On the eve of England’s almost complete decoupling from coronavirus restrictions, the government is urging restaurants and pubs to help prevent the transmission of COVID-19 by sticking to table service and in-premises social distancing measures, despite the legal expiration of restrictions from Monday 19 July. Yesterday, 15 July, ministers also announced the launch of a new “Hospitality Strategy” which it says is focused “on the ‘Three Rs’ of reopening, recovery and resilience” in the long-term.
While the industry trade lobby U.K. Hospitality says the new strategy recognises the “unique and valuable contribution the sector’s pubs, restaurants, hotels, nightclubs and other venues make to the UK’s economic and social wellbeing,” this is a crisis that is ongoing, evidenced by ministers’ encouraging of businesses to retain safety precautions; the restaurant and pub industries are some way away from being able to declare themselves “post-pandemic.”
Since restaurants were allowed to reopen — first outdoor in April and then for indoor in May — business owners have been working to try and mitigate lost revenue after restrictions put in place to protect their staff and their guests had prevented them from trading at full capacity. In recent weeks, they have been toiling with the effects of test, trace, and isolate, with rules stating that an entire staff must isolate — whether or not some individuals are vaccinated — should they come into contact with a COVID-positive case.
Nevertheless, business minister Paul Scully says that the strategy aims to help businesses affected by the pandemic “thrive in the long-term and adapt to consumer demands.” Hospitality, which as well as restaurants, pubs, and cafes, includes the decimated nighttime industry, has been the hardest hit during the crisis, with the estimated permanent closure of nearly 10,000 licensed premises and estimated losses of sales now at more than £87 billion, according to U.K. Hospitality.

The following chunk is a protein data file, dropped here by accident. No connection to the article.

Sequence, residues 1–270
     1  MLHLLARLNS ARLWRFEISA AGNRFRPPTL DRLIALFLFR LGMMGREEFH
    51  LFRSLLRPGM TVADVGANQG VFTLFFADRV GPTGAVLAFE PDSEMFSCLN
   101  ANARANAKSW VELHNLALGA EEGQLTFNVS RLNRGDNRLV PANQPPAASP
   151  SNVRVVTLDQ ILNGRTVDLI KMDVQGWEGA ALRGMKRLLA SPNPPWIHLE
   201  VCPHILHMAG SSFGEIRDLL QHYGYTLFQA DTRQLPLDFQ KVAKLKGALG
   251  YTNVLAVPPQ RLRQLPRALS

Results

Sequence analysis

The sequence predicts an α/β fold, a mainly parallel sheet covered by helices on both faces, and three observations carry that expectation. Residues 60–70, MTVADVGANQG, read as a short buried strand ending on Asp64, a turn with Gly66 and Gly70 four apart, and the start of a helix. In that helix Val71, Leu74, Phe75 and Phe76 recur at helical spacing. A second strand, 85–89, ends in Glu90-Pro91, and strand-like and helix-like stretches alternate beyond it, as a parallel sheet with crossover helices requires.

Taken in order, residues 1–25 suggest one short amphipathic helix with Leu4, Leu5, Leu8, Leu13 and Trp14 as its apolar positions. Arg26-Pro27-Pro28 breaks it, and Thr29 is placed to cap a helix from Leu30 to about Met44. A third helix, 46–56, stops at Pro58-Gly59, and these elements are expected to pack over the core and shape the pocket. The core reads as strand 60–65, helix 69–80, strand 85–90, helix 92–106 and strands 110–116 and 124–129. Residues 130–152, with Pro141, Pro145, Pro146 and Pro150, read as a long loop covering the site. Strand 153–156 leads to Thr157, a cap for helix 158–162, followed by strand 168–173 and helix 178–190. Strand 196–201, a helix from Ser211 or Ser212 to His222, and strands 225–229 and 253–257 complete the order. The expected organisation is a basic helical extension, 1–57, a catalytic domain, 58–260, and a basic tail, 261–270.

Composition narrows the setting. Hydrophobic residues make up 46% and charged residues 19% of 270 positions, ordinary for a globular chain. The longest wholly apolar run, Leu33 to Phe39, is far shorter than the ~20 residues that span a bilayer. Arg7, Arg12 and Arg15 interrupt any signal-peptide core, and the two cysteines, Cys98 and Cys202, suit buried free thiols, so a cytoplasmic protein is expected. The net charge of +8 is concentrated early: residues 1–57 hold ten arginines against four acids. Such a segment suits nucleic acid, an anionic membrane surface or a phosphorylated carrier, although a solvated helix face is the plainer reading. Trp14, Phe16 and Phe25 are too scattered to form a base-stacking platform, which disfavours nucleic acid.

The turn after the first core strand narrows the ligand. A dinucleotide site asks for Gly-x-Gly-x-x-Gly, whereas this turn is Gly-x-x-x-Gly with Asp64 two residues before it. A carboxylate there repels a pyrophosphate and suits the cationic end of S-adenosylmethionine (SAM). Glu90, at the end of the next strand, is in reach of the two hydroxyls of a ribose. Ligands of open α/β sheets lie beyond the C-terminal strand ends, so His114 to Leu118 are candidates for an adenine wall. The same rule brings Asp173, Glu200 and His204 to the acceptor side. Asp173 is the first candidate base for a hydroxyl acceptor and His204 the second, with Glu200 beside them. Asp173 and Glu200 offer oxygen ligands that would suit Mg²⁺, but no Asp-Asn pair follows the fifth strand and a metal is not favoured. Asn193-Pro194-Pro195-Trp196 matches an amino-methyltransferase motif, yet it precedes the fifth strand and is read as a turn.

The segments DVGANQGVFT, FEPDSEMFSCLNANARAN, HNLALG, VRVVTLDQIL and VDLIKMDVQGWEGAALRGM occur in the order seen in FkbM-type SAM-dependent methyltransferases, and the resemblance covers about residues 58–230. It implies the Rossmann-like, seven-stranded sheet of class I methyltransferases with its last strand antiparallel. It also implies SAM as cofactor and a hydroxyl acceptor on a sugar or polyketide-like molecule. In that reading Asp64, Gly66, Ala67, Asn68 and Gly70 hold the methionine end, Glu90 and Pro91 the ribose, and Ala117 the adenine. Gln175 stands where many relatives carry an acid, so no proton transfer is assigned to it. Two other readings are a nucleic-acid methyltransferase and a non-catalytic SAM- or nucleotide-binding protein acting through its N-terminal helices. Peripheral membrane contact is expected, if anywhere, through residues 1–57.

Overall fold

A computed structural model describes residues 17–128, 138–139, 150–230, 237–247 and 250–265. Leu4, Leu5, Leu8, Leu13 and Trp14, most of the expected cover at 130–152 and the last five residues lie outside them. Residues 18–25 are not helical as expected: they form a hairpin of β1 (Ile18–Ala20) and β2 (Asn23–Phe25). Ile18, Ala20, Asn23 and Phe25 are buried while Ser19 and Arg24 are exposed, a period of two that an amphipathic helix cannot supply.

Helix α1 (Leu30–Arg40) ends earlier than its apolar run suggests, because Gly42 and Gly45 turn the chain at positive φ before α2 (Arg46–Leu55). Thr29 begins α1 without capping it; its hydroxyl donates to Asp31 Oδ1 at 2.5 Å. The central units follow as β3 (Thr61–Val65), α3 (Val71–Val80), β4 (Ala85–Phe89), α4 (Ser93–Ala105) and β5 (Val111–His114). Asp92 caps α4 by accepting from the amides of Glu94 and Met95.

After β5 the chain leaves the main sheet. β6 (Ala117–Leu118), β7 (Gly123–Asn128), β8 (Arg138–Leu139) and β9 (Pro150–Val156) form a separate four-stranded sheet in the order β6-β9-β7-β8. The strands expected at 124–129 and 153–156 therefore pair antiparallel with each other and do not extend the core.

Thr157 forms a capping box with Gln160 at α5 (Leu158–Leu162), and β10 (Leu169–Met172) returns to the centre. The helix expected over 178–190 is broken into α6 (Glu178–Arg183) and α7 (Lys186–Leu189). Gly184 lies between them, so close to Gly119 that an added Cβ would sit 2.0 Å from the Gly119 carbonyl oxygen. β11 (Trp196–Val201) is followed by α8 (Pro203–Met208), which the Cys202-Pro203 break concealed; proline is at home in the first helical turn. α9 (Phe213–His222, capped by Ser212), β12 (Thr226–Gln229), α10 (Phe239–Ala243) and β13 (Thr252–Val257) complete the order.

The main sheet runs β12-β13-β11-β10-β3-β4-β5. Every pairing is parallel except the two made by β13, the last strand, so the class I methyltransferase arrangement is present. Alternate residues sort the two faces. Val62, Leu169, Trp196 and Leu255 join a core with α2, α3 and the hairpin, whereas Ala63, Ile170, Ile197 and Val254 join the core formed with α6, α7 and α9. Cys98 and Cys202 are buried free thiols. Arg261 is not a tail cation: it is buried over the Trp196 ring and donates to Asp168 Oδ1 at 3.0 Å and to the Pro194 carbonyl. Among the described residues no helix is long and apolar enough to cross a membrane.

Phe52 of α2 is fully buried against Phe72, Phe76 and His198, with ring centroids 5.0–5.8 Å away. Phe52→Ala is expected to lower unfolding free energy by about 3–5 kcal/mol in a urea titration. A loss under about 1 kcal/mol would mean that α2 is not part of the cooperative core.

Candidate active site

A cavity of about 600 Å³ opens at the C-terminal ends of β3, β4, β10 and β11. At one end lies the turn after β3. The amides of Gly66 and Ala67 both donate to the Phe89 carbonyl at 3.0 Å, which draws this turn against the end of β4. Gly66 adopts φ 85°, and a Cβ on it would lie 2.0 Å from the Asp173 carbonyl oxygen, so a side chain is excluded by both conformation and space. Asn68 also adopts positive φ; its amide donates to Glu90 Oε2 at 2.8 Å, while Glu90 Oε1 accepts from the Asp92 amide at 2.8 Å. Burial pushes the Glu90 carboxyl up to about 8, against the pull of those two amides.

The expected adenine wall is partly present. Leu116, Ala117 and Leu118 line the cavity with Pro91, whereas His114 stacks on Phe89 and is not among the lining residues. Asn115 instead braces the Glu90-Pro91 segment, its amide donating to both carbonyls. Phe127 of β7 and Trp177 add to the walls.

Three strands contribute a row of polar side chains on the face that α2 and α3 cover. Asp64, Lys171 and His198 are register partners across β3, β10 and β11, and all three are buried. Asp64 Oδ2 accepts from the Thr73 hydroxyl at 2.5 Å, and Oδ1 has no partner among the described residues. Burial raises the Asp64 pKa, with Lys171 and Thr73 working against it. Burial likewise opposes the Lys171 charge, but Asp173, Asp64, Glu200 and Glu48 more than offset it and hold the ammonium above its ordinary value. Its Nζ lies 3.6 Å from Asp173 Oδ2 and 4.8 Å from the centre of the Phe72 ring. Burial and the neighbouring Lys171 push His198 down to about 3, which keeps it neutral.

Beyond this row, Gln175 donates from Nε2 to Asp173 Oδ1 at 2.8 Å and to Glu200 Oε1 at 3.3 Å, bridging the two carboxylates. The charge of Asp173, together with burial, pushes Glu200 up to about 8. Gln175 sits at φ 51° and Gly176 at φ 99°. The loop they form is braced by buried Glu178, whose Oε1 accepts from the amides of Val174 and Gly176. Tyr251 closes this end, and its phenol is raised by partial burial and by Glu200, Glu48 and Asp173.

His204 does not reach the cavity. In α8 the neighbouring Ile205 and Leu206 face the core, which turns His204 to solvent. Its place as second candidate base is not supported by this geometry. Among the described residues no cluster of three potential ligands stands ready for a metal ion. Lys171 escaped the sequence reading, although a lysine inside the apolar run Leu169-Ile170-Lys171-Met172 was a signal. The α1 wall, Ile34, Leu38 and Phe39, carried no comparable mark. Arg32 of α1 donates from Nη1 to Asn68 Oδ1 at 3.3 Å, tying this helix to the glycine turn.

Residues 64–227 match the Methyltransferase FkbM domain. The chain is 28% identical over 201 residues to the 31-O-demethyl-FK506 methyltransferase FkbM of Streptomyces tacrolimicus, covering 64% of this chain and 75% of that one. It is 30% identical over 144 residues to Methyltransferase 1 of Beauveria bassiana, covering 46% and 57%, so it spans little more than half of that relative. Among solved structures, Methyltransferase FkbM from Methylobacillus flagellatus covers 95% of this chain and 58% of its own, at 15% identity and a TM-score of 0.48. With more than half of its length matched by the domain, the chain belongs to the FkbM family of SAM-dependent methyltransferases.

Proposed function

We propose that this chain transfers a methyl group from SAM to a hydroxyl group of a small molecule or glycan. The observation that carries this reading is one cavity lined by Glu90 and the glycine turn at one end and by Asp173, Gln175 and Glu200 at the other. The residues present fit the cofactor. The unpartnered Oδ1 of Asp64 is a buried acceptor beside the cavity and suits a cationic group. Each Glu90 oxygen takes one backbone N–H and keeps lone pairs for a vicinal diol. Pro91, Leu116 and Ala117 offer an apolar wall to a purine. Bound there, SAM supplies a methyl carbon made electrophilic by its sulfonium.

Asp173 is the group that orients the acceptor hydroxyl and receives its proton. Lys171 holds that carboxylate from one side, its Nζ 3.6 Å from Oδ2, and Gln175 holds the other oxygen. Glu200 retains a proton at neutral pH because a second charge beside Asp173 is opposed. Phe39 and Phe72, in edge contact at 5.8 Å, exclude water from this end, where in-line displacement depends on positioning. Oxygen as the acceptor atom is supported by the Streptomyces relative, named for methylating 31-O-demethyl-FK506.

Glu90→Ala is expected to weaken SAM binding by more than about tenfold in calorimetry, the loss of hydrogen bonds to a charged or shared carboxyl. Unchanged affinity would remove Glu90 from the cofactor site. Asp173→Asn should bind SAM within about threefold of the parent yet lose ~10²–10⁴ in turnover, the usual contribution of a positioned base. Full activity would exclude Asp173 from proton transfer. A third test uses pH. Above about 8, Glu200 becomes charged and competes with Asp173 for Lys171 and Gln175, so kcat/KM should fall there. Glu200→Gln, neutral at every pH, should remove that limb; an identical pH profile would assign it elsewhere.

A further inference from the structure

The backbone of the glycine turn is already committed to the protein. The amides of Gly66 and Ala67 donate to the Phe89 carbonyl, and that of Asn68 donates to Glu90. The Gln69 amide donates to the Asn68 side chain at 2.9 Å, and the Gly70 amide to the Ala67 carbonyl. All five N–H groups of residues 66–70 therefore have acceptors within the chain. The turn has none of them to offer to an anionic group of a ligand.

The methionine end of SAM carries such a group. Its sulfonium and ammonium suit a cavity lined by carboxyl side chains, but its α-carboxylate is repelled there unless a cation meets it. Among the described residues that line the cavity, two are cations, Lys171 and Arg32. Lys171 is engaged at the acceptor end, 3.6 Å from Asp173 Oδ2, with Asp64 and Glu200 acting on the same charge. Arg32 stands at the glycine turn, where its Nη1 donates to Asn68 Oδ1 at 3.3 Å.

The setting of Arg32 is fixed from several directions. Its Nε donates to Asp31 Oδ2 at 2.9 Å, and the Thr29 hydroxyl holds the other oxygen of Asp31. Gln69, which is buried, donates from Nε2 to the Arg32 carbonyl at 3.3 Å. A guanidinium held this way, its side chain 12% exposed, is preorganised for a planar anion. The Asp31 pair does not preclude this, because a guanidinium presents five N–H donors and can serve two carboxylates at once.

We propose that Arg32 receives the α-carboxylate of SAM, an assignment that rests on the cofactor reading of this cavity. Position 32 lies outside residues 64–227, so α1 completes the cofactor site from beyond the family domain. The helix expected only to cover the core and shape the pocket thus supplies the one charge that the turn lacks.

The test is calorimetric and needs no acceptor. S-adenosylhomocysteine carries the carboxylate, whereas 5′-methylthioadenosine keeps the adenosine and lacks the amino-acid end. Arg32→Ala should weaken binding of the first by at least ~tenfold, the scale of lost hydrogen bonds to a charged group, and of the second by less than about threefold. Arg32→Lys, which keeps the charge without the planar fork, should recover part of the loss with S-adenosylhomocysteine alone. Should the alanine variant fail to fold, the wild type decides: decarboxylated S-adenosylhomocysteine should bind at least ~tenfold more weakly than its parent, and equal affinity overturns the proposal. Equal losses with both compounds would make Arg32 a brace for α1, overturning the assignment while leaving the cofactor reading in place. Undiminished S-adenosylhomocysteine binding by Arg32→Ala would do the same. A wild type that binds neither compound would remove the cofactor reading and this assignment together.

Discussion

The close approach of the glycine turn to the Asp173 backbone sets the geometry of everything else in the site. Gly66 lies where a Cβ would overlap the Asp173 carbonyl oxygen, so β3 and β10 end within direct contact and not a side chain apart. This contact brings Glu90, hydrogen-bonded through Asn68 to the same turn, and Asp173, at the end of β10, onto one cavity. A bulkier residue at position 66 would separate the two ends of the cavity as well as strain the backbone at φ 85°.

As past of the strategy, the government is aiming to make it easier for pubs, restaurants and cafes on the high street to offer al fresco dining and serve more customers outside, with pavement licenses being extended and made permanent. More, the so-called “takeaway pints” initiative will continue for another 12 months as the temporary permissions for off-sales of alcohol are extended.
“Businesses are desperate to bounce back strongly and return to profitable trading. That’s why the launch of this new Hospitality Strategy is so important – it offers a strong platform to deliver the supportive regulatory and trading environment we need to recover, rebuild resilience and thrive,” U.K. Hospitality chief executive Kate Nicholls said yesterday, 15 July.
“Building and training our workforce is a top priority if hospitality is to quickly revive and drive a national recovery, so it’s incredibly positive that a key part of this strategy is focused on addressing the current recruitment challenges and raising the profile of long-term sector careers,” Nicholls added. “It sets out a positive vision for the future of hospitality...”
In order to execute that vision — and perhaps in light of petitions for a hospitality minister last year — a new hospitality sector council “made up of industry leaders and government” is being created. It will agree an action plan to deliver the strategy’s recommendations, review progress against this plan, and monitor the overall recovery of the sector as businesses transition from reopening to recovery to resilience, the government said. The council will be co-chaired by Scully and hospitality entrepreneur Karen Jones — chair at Italian casual dining chain Prezzo and steak chain Hawksmoor. Further members will be announced in due course, they said.
Jones said that she thought “the last 16 months has shown us many things, underlining the importance of our people and our teams and the key role hospitality has to play in lighting up our high streets and city centres.
“We need to capitalise on the energy, creativity and innovation that will be released post-pandemic to continue our creation of a world-class hospitality sector: this strategy will aid in making that a reality.”